here is evidence of evolution, as the people go so do the children, bullying is tought by the parents as they learned it from their parents, the young man was right about one thing, Jesus was not a homophobe, but he would call you on the sin of homosexuality, along with the sin of, adultry, lying, stealing, talking about people behind their backs and more, Jesus loves all of us

3:07AM PDT on Apr 6, 2012

I agree with Krysti S

2:06AM PDT on Apr 6, 2012

A class in RESPECT AND RESPONSIBILITY should be taught from Grade one to graduation, children should be taught that anything is permissible as long as it does not hurt themselves or anybody else. Common sense would dictate that if children are taught at a very early age that every child has their own strengths and weaknesses and that they should use their strengths to help not tease or bully others. It should not matter if a child comes from a FAMILY of a mother and father, 2 mothers or 2 fathers or a single mother or father as long as they are LOVED.
Sex Education should be taught from LGBT, Contraceptives, Masturbation, Pregnancy and all forms of sex. Let us face it whether we like it or not children are curious and are having sex earlier and earlier. Children should be taught the joys and the consequences of having sex ( Pregnancy, STD, AIDS and others.) But you say when will this be taught. Cut out Geography or History early on then put it back in and remove Geometry or Algebra. They can learn this in college if needed. I believe this is a solution. Stopping the damage before it starts so that Bullying, Sexual Assault, and many others will be greatly diminished if not eradicated. It is my belief that when children graduate with these principals where they are taught RESPECT for themselves and others and to take RESPONSIBILITY for their actions. If children grow up with these principals I believe business and government would benefit greatly. Within a few generations

10:24PM PDT on Apr 5, 2012

-- David K. -- I think that you are correct, and as Allen J. pointed out, this problem comes down to a lack of human respect, which is something learned from the adults operating in the lives of these students. Children who bully are often themselves bullied by their parents, and as a result have low self-esteem. One cannot respect others if they do not respect themselves, and if your parent tells you, by word or deed, that you do not deserve respect, you believe it, and then pass that message on to others.

We all must do everything that we can to impact the lives of children around us in a positive way, but this applies to parents and teachers most especially. If we do not find a way to break the cycle of bullying we stand very little chance of advancing as a society.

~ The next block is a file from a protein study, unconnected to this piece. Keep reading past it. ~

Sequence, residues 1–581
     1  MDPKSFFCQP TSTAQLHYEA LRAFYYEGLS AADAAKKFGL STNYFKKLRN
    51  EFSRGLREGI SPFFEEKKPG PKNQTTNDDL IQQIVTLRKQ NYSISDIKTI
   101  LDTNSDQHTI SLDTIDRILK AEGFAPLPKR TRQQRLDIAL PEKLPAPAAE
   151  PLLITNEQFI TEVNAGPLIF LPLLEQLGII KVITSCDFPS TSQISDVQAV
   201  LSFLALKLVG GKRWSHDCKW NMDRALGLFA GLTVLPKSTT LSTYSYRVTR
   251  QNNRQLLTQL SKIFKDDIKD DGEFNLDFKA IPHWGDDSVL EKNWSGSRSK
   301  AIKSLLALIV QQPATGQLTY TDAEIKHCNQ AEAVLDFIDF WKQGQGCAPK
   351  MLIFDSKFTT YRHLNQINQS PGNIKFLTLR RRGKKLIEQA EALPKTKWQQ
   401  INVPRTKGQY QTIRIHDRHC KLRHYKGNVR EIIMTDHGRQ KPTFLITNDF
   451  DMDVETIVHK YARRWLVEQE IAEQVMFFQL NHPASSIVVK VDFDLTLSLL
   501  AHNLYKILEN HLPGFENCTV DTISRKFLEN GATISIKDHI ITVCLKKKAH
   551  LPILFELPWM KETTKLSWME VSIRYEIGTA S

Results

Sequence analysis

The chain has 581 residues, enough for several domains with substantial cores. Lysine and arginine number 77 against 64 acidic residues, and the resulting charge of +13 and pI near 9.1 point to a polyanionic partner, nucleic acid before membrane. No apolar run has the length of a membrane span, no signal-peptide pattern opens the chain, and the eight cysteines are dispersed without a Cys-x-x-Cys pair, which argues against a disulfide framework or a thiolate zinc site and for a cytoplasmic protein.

9:09PM PDT on Apr 5, 2012

Shoving into lockers. Tripping, grabbing, kicking, punching. These are physical attacks that should be dealt with immediately by school officials. It doesn’t matter if the bully is attacking because of the victim’s sexual orientation, “nerdiness”, race, religion, or anything else. It’s assault, which is illegal.

School guidance counselors (as well as the rest of the staff) need to be taught how to deal with bullying because it’s obvious a lot of parents don’t give a damn. Listen to the victims, talk to the bullies. Don’t automatically blame the victim. One child I know was physically bullied simply because of hair color. I’m surprised school officials didn’t say, “Just die your hair.” And don’t single out the victim. When I was bullied, a school administrator brought the bullies into the office (with me) and asked, “Are you bullying her?” Of course, they said no, but the looks they gave me turned my blood cold. The administrator told me it was all my imagination. I was fortunate, because they realized I was going to stand up for myself, so they stopped.

If a victim is afraid to name the attacker, don’t simply walk away. Sometimes victims are afraid of retribution. The bully—and his/her friends—will escalate the physical violence.
As the article says, victims don’t want money. We want the bullying to STOP. We want to be treated like every other student. We want to feel sa

11:22AM PDT on Apr 5, 2012

I made a video about why Homosexuals should have equal rights. It’s at my YouTube channel Zarrakan, and here’s the link:

http://www.youtube.com/watch?v=JdK5ETOJusw

Watch it, share it, and join the fight against the evil Homophobes.